» Skip to content

Published: 14 September 2014

By Andy Ross

Recent articles

View all stories

for the beauty of the earth

I have just finished reading a book which combines opera, nature and art. And the ending of it has got me thinking.

Author, Thomas Urquhart, writes eloquently and passionately about the links we all share with our earth, and the final part of the book is about the mystery of beauty. What is beauty? Why does it exist, and, indeed, does it exist? It is a fascinating question and much bigger than I can ever hope to answer but it got me pondering why we do what we do in a place like Yell, Shetland.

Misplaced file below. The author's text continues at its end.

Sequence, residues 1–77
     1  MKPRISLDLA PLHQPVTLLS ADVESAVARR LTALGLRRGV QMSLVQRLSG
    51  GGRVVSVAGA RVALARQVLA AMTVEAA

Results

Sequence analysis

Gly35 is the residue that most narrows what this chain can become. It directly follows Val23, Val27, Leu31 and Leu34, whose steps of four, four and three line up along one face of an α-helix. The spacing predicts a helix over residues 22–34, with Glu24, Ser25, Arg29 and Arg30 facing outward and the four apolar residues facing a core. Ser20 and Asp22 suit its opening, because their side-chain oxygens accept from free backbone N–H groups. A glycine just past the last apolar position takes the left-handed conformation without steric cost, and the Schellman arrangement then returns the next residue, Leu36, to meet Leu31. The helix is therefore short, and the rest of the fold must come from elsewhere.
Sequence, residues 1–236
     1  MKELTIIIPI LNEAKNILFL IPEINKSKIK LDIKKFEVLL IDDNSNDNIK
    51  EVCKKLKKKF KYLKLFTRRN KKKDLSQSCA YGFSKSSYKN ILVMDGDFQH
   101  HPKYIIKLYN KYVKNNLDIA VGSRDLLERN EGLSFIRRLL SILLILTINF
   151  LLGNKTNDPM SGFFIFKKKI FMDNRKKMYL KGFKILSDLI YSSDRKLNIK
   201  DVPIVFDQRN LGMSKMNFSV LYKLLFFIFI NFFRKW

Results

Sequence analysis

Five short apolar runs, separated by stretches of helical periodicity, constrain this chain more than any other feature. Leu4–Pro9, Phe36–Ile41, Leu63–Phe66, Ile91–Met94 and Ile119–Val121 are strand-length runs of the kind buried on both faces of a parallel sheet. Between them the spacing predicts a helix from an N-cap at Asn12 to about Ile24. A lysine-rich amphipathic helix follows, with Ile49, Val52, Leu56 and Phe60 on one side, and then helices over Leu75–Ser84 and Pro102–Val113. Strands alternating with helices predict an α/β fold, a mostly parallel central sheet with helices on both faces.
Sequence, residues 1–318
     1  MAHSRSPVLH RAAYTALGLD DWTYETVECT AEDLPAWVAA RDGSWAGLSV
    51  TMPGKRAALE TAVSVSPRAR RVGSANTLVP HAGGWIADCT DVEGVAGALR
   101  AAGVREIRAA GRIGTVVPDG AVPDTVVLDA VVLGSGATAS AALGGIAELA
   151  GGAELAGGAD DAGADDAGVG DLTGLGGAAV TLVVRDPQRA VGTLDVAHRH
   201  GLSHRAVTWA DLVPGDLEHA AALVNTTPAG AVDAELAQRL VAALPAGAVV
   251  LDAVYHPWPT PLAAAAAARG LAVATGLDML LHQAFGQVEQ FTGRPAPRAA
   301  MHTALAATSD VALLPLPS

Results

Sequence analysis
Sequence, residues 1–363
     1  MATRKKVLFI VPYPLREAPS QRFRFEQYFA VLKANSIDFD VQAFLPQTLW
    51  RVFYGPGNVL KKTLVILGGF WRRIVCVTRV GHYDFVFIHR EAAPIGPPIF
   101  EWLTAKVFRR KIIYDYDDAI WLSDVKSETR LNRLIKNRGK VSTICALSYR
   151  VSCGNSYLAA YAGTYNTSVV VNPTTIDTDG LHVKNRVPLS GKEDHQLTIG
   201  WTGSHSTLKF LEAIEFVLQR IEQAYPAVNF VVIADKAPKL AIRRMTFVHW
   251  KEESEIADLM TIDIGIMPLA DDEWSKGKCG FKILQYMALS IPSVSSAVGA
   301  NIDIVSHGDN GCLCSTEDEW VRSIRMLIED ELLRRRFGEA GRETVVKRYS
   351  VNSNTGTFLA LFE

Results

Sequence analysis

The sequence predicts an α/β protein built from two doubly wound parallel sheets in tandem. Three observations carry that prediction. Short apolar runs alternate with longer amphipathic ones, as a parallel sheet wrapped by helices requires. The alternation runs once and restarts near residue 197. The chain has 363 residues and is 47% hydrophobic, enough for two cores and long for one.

I live in a very beautiful place made more so by the fact that people have lived here for thousands of years and changed the landscape as we have done so. Just down the road is a broch, a stone conical tower, which guards the entrance to the seaway between Yell and Unst. Nearby there is an acient mound which conceals a church, and everywhere you look, if your eye is attunded to the nuances of the land, there are echoes of the past, both distant and close to our present day. It is comforting to think that, whatever the troubles around us, the land continues to survive.This life has led me to a much greater appreciation of beautiful things. I love to delve into the weave archives in the Shetland Museum to see how people have used the colours around them to make wonderful cloth. I love to see the photographs of how wool was spun by hand, and how people made rugs and clothes, cloth and yarn. I think that lives are made better by creating lovely things and that people cannot survive without that inate desire to find beauty in the most unexpected places. So, long live the islands and thank you Thomas Urquhart for getting me thinking of our own small contribution to happiness! Thank goodness there are still places where people can create and make, be inspired and live and work where so many have lived and worked before.